That time of year has arrived; the group 8 students have to select their preferred high schools for next year and take part in the nerve-wracking lottery procedure.

Time and checklist

These are the steps you’ll have to take:

1/ Before January 24th: the group 8 teacher gives a recommendation for high school to each individual student.

2/ Based on the teacher’s recommendation, you visit the schools which offer the right type of education for your child. In the period roughly between January 11th and February 18th, the schools organize info sessions and open days. You should make a schedule in advance, as it can be very hectic.
Some schools also organize special open days for group 7 pupils.
You can select the schools of your interest and schedule the open days here.

3/ You establish your Top-12 (for HAVO & VWO) schools. (VMBO-B/K: 4 schools; VMBO-T: 6 schools).

4/ It is a good idea for the pupils to go to the open classes at those schools in their Top-3. Then you can experience their way of teaching and the atmosphere. The open classes are often called Lesjesmiddag, Meeloopmiddag, or Open les. You can also find these dates on https://www.voschoolkeuze020.nl/opendagen.
Some schools also organize special open classes for parents.

5/ Between March 2nd and 13th, the parents have to hand-in the form called ‘Aanmeldformulier met keuzelijst van VO-scholen aanmelding leerjaar 1 2020/2021’ at the high school of their preference. The group 8 pupils get this form from their teacher. The parents have to officially confirm that the school admin has entered all details correctly. So, check everything carefully beforehand.

6/ In the end of March, the lottery (the Centrale Loting & Matching) procedure takes place. First, each student gets randomly allocated a number through a computer system, under the supervision of a notary. The computer looks at the student with number #1, and places him or her at their first school of preference. Then they continue with number 2, 3, and so on. If they cannot place a student anymore at their #1 school, they will look at #2. If there is no place at #2, they will look into #3, and so on.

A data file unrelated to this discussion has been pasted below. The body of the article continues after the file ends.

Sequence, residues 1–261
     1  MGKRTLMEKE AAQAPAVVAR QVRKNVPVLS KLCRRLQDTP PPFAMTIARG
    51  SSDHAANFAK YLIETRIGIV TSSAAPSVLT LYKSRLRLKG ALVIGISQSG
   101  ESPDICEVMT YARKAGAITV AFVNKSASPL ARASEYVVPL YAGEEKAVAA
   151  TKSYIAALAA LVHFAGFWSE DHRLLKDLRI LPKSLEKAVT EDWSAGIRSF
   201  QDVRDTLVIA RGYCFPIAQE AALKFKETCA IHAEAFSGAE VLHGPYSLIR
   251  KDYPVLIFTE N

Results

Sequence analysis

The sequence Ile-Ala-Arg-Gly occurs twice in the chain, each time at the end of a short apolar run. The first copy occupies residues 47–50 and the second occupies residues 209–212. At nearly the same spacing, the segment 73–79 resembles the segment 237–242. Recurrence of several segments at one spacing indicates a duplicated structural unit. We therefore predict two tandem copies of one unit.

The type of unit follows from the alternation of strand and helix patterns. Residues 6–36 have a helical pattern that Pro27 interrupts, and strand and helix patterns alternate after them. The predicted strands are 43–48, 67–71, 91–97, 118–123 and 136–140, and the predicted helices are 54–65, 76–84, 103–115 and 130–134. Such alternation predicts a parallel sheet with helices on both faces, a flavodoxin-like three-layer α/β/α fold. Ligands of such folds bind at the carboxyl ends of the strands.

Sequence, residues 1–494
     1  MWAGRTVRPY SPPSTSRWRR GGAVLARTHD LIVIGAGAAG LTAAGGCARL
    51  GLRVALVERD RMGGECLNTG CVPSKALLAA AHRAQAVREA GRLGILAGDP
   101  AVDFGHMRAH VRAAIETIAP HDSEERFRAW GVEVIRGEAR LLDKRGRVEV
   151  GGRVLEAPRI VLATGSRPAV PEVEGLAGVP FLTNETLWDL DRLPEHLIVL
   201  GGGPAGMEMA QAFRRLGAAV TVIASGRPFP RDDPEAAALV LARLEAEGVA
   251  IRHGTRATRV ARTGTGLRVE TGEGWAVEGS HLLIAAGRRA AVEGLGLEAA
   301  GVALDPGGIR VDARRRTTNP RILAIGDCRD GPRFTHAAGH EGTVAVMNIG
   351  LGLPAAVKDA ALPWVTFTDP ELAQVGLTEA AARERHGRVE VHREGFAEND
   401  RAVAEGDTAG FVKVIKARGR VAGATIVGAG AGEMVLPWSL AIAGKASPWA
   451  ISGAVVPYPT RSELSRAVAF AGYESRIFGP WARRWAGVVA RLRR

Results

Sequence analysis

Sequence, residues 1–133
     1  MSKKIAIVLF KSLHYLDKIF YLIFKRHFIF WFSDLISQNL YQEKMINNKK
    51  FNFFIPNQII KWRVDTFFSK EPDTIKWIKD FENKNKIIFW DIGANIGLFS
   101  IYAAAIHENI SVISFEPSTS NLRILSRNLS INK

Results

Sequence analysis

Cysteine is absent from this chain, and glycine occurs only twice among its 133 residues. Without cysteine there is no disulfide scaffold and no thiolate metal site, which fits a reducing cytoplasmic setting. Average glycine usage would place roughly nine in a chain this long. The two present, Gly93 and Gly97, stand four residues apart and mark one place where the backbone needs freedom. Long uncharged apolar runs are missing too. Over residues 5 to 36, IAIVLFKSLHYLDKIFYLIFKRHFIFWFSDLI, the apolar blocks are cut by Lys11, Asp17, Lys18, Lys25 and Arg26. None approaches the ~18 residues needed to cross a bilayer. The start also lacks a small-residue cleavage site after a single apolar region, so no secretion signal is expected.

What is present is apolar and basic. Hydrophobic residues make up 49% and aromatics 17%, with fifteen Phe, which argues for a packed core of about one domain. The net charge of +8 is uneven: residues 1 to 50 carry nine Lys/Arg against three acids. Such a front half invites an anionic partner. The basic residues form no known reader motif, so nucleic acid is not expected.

The schools try to create extra places for the applicants who couldn’t be placed this way. They then only consider the children who have put enough schools on their list.

In 2019, 7,580 children took part in the lottery.
There were 10,127 places available at 64 schools. So, overall there are always enough spots, but some of the most popular schools don’t have enough capacity.

7/ On April 2nd, you will hear at which school you are placed.

School lockers in high school

Photo by moren hsu on Unsplash

In 2019, 83.46% of the applicants got a place at their #1 school, and 95.92% in their Top-3.

The children who couldn’t be placed and who had submitted an insufficient number of schools, and those who are not happy with their placement, get about 5 extra days to select and visit the schools that still have availability and take part in a 2nd lottery.

8/ In the period between 15 April and 15 May, most group 8 pupils take the end test of primary school (CITO or other).
They will receive the outcome around mid-June.
Children who have lived less than 4 years in the Netherlands are not obliged to take the test.

9/ If the test results are higher than the teacher’s recommendation, the final advice might be upgraded. If the test results are lower, the teacher’s recommendation stays.
In case the advice has been upgraded, the parents can apply for a new school between June 3-5. If there are too many applications, the school will hold a lottery. Within June 9th, they will confirm all placements.
The other children will have to find a different school – which is usually very difficult at this point in time.

10/ On June 23 or 24, the future ‘brugpiepers’ go to their new high school for an introduction.

Person sitting on a pile of books

Photo by Gaelle Marcel on Unsplash

In November, all group 8 pupils get a school info guide from school.

To make the process easier, at the beginning of November last year, they also organized a high school fair in the Johan Cruijff Arena where all schools were represented (Amsterdamse scholenmarkt). Then you can already make your first selection and find out about schools you had never heard of before.

I explain in this podcast how to choose a secondary school in the Netherlands.

Good luck! You can do it!

More info on these websites:

https://schoolwijzer.amsterdam.nl/en/vo (English)

https://www.amsterdam.nl/en/education/secondary-school/ (English)

https://www.voschoolkeuze020.nl, 

www.scholenopdekaart.nl,

https://www.onderwijsconsument.nl/scholenoverzicht/vo/

https://10000scholen.nl/zoeken/middelbarescholen/noord-holland/amsterdam

http://bboamsterdam.nl/website/wp-content/uploads/2015/02/Keuzegids-2018.pdf (2018)   

Levels of high school in the Netherlands